In closing of this series of Being a Certified Nursing Assistant, I have to share one wonderful, beautiful story.
This is a story of Dot & Ralph and their romance in an Alzheimer's Unit.
Dot suffered from Alzheimer's. She was very religious. Her room had little Jesus statues on shelves, and crosses hung on her wall. She loved my Bible reading time each night. She would sit in her chair, and as I read the passage, she would say the words along with me. I really believe she had the whole book memorized.
Dot loved to wear nice dresses as if she was attending church on Sunday. She usually wore white support hosiery and black sneaker-type dress shoes. She visited the beauty parlor once a week to get her snow white hair and nails done. She loved to wear the giant floral earrings popular in the 50's, and a huge silver cross around her neck.
Dot struggled with her short term memory. Each night she would cry and say her daughters didn't care about her because they never came to see her. I would remind her that her daughters were just there visiting and she would ask "really? That was nice." Thirty seconds would go by, and she would be crying again, and the vicious cycle would repeat which is not uncommon with this disease.
She was one of the better ones. She could have a whole conversation before having to repeat everything.
Dot was one of the more agile residents who took part in activities. She loved to play bounce the ball or hit the balloon-- simple games for us, but not for them because their coordination would be off. Their arms would be stiff from arthritis. They also suffered from a loss of range of motion. But she tried and enjoyed playing.
Ralph was one of the guys that hung out in the group who did not have any dementia. He wasn't a long term resident. He had a stroke and was paralyzed on the left side.
Ralph was a retired heavy machinery operator. He loved to tell stories about the old days of excavating the earth for buildings. As with any parent who suffered he would say..."I used to dig out the bowels of the earth with nothing but a shovel."
His wife passed away years ago, and he never remarried. He came to the Sundowner's group activity each night to be with the ladies. He was a real gentleman. Even though he was wheelchair bound, he would help push the ladies wheelchairs to the dinner area.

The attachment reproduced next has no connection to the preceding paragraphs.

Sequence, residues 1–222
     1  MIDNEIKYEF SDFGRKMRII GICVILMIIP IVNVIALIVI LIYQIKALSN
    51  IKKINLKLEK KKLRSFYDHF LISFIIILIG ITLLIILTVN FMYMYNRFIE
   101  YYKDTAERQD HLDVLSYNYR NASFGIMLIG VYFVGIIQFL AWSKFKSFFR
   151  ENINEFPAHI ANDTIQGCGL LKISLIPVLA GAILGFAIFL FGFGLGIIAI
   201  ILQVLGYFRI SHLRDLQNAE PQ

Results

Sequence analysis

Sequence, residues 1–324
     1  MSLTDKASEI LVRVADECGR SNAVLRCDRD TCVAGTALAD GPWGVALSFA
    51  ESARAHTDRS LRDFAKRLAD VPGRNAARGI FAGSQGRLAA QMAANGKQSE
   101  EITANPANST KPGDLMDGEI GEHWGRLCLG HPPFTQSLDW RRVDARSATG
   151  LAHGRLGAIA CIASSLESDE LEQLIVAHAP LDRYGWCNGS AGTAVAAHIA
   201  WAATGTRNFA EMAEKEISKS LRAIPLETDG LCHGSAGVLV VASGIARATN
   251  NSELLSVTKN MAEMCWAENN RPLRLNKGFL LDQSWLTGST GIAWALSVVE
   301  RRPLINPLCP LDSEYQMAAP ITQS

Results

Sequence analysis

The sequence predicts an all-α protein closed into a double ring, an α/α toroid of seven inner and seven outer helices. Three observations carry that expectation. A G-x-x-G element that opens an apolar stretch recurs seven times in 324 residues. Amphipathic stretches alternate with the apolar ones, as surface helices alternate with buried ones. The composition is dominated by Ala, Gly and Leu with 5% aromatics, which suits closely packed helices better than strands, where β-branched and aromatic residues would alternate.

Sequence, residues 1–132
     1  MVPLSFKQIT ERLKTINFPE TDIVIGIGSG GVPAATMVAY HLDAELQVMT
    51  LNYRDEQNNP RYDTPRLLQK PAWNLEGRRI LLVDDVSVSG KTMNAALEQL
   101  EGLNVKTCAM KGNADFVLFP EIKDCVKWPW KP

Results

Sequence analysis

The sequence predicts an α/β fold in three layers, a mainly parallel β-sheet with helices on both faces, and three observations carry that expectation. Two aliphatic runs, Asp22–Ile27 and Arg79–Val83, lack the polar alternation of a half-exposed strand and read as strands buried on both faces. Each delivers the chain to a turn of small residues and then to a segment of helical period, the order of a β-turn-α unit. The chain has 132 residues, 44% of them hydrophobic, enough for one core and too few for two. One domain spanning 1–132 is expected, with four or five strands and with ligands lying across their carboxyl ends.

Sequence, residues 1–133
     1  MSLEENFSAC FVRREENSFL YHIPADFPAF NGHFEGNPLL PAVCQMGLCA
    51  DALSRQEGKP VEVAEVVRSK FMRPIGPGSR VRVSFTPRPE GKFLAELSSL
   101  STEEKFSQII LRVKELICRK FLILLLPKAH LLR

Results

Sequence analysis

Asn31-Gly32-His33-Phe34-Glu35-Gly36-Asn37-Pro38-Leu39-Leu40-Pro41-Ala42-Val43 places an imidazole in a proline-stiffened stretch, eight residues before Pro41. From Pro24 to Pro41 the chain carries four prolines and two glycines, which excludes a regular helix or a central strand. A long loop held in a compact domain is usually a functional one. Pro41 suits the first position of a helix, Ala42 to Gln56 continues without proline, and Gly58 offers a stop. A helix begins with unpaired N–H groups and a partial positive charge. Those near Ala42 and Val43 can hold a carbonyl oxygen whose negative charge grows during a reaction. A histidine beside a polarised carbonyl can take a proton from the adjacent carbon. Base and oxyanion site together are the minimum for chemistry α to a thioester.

Ralph was also like a helper to me. Each night about 8 p.m. the cleaning crew would come through just as we were having our discussion time. They would plug in their vacuums and zip around making a ruckus. Ralph saw the frustration in my face. He would sit by the outlet and yank the plug out of the wall. The cleaner would come back into the room and plug it back it. The cleaning would continue until Ralph would reach over and yank the plug out. He finally told them to be quiet because we were talking. Thank you, Ralph!
After a week or so, I noticed that Ralph would keep looking at Dot like a love sick puppy dog. I decided to put their chairs next to each other. I noticed they started chatting about their family, laughing at Fatty & Skinny (Laurel and Hardy) videos, and talking about the Bible. Dot stopped crying for her daughters. She was now being courted by Ralph. At dinner time, I made sure they sat alone at the same table. It was a pleasure to bring such happiness into their lives.
One night at discussion time, Ralph said he would like to read something to the group. I always encouraged people to speak about different things on their minds. Well....Ralph breaks out a poem and reads it directly to Dot. She looked at him intently, with her hands crossed on her lap, nodding, and smiling. It was a heartfelt moment that old romance movies are made of. To celebrate this beautiful moment, everyone got an extra cookie with their juice. (I was known at the softie that would give extra cookies at snack time) It was times like this that made my efforts so worthwhile.
I hope you enjoyed my series Being a Certified Nursing Assistant. There are many nursing facilities across the country, and you do not have to be a CNA or other medical type person to be involved. Volunteers are usually welcome. If you have a decent heart, you can be someone special in the lives of elders.
READ MORE FROM MY CRANIUM BY DAVID HERMAN